Vasudha Sharma’s new book Why She Must Lead: Bridging the Gap Between Opportunities and Women of Color is a manifesto about the situation of women, especially women of color, but embraces all women, including minority and transgender women, in the United States today. Vasudha is herself an immigrant to the United States. Originally from New Delhi, India, today she resides in the Seattle suburbs, where she is a wife, mother of two boys, and doctor of physical therapy. Her educated voice of advocacy is what this country needs as America’s racial landscape changes. As Vasudha states in the book, drawing upon a study by the US census, by the year 2045, people of color will be the majority in the United States, and by 2060, women of color will represent the majority of women. That reflects the world our children and grandchildren will inherit, and they do not deserve to experience the same sexist and racial issues we currently face. As a result, it is time women’s voices are heard.
Making use of painstaking research, Why She Must Lead explores the situation of women of color today, primarily in the workplace, and then discusses ways to improve this situation. Vasudha draws on her personal experiences in India and the United States as a woman seeking to help other women. Early on, she realized the importance of feminism and came to believe that equity is a human right. In these pages, she shares the barriers and biases that stand in the way of making equity a reality for women. While women are making progress in senior leadership positions, they are still underrepresented at every level of the workforce. Vasudha explores numerous steps to promote fairness and inclusion, including through workplace recruiting and retention. She advocates for more mentorship and sponsorship of women of color. She discusses the role men can play as allies in advocating for women’s advancement in the workplace. While admitting the concept of “empowerment” may seem threatening to men and organizations, Vasudha reveals how those fears are based on myths and a misunderstanding of what equity and empowerment means. Finally, Vasudha encourages successful women to pay it forward by helping their sisters.
Throughout the book, Vasudha does not shy away from stating hard facts and revealing the truths many don’t wish to talk about. Based on her personal and professional experiences, she states, “the most prominent attribute of a successful woman is her ability to speak up for herself.” If women do not speak up for themselves, they are often ignored or passed over for advancement. Often, biases exist that management is not even aware of in promoting men over women. Some of these include a belief that a woman will just work until she gets married, that she will leave when she has children, or that advancement is not as important to her as her family life. Such myths need to be dismissed. While women have long talked about the need to break the glass ceiling, Vasudha reveals that for women of color, it is a concrete ceiling. However, the most pressing problem is not a ceiling but a broken step on the ladder of advancement. She offers solutions for how to repair the ladder.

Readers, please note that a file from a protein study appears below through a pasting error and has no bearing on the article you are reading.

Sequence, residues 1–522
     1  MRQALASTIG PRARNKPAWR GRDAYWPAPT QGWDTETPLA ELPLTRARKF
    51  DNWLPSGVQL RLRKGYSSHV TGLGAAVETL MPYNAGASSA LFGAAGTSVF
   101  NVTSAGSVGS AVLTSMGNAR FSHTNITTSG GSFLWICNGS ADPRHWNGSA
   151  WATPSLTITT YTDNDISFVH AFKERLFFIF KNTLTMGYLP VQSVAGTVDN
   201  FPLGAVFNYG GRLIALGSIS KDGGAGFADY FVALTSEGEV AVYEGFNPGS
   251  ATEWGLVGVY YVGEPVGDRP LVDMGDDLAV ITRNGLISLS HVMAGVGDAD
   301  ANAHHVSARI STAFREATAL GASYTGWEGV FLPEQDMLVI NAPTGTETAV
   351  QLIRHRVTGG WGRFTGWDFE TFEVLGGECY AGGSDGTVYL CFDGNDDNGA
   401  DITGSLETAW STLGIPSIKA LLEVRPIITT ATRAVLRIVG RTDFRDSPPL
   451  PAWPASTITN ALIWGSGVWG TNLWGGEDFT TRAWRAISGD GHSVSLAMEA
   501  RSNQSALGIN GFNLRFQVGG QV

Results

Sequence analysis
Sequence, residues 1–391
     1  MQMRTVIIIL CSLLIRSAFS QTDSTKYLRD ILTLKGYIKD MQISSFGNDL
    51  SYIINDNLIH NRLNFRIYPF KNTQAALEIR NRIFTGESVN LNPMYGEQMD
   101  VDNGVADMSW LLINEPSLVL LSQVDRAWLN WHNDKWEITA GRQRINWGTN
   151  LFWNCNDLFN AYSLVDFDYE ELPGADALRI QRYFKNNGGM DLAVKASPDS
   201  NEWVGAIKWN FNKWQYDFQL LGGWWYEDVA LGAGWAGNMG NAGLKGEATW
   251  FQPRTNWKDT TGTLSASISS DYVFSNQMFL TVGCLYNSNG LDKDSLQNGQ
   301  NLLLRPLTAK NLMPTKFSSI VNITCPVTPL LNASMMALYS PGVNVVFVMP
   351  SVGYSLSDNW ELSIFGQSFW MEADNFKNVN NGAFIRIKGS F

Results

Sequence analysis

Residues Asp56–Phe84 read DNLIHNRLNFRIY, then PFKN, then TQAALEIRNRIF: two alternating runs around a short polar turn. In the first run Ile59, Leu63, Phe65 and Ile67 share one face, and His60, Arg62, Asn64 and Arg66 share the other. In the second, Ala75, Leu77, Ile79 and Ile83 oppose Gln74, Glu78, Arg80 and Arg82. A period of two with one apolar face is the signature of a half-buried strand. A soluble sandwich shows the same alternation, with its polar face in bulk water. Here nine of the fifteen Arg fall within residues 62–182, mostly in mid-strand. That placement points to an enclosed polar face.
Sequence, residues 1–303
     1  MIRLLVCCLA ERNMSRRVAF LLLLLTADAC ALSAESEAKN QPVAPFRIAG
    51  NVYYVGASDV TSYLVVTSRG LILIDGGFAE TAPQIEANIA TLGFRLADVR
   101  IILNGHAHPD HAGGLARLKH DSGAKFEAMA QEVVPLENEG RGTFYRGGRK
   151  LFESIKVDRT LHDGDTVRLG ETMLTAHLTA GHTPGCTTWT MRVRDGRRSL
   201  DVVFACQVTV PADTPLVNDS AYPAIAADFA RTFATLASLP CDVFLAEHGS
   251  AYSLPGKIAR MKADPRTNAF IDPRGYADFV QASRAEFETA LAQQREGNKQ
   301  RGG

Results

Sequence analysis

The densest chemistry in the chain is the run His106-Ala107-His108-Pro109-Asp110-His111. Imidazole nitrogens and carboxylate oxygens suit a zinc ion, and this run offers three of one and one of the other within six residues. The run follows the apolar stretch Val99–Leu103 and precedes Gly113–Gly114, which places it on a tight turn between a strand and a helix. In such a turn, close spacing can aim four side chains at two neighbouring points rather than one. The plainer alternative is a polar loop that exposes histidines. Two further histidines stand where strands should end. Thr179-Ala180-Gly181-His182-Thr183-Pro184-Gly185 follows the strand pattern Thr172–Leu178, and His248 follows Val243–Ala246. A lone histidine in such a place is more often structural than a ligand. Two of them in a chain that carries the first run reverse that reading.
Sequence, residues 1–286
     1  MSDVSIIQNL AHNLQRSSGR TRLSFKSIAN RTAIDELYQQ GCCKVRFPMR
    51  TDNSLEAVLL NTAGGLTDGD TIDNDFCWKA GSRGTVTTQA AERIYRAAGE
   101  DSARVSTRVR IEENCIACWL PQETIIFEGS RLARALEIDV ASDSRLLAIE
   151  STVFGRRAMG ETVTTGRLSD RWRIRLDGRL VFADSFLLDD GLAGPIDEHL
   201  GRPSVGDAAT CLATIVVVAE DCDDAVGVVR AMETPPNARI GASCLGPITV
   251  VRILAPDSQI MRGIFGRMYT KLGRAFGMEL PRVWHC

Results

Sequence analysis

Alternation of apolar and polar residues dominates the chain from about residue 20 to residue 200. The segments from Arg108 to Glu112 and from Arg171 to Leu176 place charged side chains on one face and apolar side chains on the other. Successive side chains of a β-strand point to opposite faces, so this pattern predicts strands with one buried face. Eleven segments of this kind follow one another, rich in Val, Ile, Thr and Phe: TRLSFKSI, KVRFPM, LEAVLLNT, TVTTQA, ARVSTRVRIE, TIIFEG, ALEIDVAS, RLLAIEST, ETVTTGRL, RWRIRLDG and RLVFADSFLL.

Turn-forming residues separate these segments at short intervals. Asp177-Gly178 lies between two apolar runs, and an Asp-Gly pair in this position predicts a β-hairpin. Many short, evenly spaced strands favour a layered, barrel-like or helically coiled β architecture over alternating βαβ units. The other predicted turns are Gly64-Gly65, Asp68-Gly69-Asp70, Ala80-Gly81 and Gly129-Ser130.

Vasudha highlights that while many men are open to helping women advance, they do not always realize the false biases and prejudices that may cloud their judgment and make them unfair to their female colleagues. They may also make sexist assumptions. For example, mansplaining often happens in the workplace, in which a man feels he must speak down to a woman to explain something to her. Because our society has come to believe women should be advocated for, the discrimination against women has become more subtle and results in microaggressive behaviors, like mansplaining, that are often invisible.
Vasudha brings all these issues into the open while embracing men as allies and providing clear processes for how they can help women move ahead. One of my favorite passages in the book centers on Vasudha’s role as a mother to two boys:
“People often ask me, since I am a mother of two boys, why I am still such an advocate for women. Wouldn’t this make men secondary? I always have the same answer; I am responsible for my sisterhood, who face the same challenges as I do because of the broken system, and I have an obligation to help my boys understand and acknowledge the importance of equality in the household and professional world. I want my boys to step up and take the central role in the conversation.
“Even when I was waiting for my sons’ arrival in the world, I envisioned for my sons: compassion, good citizenship, excellent college educations, successful careers, and achieving whatever they strove for in their lives. Also, I wanted them to be feminists like their dad.”
Vasudha’s meticulous research and well-thought-out arguments will open the eyes of male and female readers. I believe every manager and human resources professional needs to read this book. I also believe all women, especially women of color, will benefit from reading it. Perhaps most importantly, Why She Must Lead reveals “why she must speak up.” Vasudha has spoken up with this book, and hopefully, her message will spread. As she states near the end:
“I don’t believe change can happen one person or one couple at a time. Currents of culture carry the wave of change. To create those currents, we need to stir the stories and bring them to the surface. That’s why I am sharing mine. Also, I don’t want to project that I know it all when it comes to finding solutions to equality. I had a good set of challenges and flaws. The truth is, I learned more by sharing them.”
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